Legally, owners of properties destroyed in cross-fire with militants are eligible to get compensation. However, such claims are often denied on the grounds that the owners sheltered the militants, or are far too meagre to help rebuild the house. By allegedly burning the family homes of militants in Shopian on the intervening night of August 29 and 30, even when militants were not sheltering inside, the security forces may have crossed yet another red line.

Burning of houses and targeting non-combatants goes against any chance of gaining legitimacy with the local communities and winning hearts and minds.

Kashmiri public intellectuals say that unlike the militants of the 1990s, the youngsters now attracted to militancy are not amenable to any moral control from their family, community elders, teachers or even local Imams. Their recruitment is through social media and networks of friendship. Most importantly, they seem no longer afraid of dying, well aware that the life of a militant in Kashmir today is less than six months.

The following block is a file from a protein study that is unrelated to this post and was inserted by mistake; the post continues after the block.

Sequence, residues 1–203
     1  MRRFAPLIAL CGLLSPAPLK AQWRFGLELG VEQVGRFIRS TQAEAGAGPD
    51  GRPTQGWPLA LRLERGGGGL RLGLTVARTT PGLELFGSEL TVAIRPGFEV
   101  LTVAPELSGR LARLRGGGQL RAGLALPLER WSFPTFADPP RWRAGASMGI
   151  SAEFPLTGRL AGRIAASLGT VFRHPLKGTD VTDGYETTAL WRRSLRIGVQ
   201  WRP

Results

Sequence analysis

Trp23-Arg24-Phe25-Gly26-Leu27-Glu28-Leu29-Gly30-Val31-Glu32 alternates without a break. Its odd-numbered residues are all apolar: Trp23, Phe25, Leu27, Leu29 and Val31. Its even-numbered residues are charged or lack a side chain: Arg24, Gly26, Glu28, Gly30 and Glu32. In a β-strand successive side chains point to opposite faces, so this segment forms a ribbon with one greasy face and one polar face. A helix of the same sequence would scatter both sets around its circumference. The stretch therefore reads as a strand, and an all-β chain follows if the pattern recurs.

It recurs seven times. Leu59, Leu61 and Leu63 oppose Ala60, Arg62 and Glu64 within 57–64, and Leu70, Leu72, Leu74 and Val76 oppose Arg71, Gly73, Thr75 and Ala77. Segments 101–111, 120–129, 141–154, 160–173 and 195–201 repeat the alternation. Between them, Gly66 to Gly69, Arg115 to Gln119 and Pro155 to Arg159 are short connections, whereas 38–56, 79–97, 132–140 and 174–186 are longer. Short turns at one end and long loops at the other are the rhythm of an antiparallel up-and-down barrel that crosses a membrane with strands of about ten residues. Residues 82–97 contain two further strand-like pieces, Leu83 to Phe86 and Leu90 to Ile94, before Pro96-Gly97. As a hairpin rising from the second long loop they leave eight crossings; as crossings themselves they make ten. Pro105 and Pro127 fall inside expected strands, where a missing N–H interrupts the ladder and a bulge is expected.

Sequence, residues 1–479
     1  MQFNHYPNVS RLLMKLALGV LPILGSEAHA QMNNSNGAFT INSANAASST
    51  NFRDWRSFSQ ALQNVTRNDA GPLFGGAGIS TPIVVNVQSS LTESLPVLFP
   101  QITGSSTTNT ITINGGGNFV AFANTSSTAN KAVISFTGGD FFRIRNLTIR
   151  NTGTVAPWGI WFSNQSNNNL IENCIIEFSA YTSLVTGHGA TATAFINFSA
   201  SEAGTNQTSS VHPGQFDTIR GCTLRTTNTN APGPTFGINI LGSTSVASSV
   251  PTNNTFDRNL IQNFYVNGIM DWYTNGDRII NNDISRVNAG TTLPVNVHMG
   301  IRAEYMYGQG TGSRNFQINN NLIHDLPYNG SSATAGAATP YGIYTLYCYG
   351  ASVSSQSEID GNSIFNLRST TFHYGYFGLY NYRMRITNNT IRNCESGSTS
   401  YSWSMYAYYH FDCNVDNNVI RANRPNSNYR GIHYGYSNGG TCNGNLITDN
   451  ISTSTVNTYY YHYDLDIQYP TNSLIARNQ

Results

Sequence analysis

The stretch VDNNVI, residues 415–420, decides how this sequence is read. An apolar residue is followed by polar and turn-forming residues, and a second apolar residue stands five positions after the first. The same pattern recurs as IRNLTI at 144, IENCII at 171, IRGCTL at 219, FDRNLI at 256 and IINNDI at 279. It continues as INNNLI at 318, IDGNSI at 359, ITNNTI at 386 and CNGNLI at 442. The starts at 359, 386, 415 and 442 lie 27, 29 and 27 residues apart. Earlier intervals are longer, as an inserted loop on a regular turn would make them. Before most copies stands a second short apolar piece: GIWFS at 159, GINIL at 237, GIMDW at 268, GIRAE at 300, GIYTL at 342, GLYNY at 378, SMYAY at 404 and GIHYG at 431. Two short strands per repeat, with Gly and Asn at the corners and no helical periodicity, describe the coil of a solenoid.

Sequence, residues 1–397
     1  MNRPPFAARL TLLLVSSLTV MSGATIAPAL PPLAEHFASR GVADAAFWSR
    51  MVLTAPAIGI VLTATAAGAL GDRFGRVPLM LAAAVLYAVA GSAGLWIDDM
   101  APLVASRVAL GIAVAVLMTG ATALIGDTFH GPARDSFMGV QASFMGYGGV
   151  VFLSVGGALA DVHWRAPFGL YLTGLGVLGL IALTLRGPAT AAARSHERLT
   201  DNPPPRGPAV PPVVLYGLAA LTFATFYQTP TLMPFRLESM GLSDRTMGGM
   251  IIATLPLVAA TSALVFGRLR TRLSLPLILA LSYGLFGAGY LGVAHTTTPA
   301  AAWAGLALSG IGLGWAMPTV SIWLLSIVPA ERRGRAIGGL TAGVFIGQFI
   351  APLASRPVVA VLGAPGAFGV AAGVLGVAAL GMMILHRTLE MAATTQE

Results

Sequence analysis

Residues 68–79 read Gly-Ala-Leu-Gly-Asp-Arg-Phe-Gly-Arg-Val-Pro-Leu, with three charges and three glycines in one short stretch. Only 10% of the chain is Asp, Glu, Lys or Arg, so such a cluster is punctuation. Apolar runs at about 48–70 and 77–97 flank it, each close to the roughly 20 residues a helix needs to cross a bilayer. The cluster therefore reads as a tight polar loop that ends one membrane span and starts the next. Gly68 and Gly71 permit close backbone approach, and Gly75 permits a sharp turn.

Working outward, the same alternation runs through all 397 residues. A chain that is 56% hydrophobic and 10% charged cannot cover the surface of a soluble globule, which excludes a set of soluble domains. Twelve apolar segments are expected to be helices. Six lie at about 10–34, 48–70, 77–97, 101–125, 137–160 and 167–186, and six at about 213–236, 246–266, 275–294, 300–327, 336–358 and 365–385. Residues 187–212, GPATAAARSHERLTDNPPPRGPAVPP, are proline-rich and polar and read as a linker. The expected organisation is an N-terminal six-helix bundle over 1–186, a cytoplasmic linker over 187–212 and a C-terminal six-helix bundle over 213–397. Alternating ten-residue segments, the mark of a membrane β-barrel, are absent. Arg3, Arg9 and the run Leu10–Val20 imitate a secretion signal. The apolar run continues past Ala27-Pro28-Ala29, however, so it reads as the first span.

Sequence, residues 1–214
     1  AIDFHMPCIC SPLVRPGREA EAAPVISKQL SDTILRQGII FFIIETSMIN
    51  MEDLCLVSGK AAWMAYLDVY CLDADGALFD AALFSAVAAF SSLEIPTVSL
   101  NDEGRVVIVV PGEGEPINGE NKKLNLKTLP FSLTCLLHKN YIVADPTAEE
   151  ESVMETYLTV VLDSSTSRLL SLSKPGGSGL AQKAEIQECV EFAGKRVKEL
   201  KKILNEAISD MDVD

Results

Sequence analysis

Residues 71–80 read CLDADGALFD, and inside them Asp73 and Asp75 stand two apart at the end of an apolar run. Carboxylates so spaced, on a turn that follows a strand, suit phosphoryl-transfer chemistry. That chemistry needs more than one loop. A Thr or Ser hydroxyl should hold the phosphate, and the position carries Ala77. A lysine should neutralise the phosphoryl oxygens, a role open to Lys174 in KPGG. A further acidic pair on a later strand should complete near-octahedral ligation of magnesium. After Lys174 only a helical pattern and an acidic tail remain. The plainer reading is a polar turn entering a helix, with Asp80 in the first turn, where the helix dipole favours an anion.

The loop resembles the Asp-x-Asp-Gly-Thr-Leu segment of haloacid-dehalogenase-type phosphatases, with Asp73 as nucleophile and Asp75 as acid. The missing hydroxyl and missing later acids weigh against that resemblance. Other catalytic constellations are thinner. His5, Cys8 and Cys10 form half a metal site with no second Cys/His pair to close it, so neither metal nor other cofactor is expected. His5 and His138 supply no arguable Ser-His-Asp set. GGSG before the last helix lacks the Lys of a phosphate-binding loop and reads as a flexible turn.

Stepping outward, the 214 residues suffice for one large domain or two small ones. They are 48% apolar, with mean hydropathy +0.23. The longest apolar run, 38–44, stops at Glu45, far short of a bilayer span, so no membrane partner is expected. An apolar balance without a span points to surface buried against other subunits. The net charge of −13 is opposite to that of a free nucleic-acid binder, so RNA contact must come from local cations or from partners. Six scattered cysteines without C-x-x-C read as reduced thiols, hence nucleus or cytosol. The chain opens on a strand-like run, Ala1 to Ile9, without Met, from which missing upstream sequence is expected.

This is why families may not want their children to join militancy, but they rush to encounter sites to thwart the operations of the security forces. Quite literally these militants are their “own”.

The latest counter-insurgency strategy in the Kashmir Valley requires a serious rethink. Such heavy-handed tactics indicate that the present dispensation in Delhi is incapable of a political initiative that could resolve the Kashmir conflict in a long-term sense.

Until this policy changes, Kashmir and its inhabitants are likely to be confronted only with brute force, often verging on vengeance, masquerading as “political initiative”.

The writer is a journalist based in Delhi

The views expressed are his own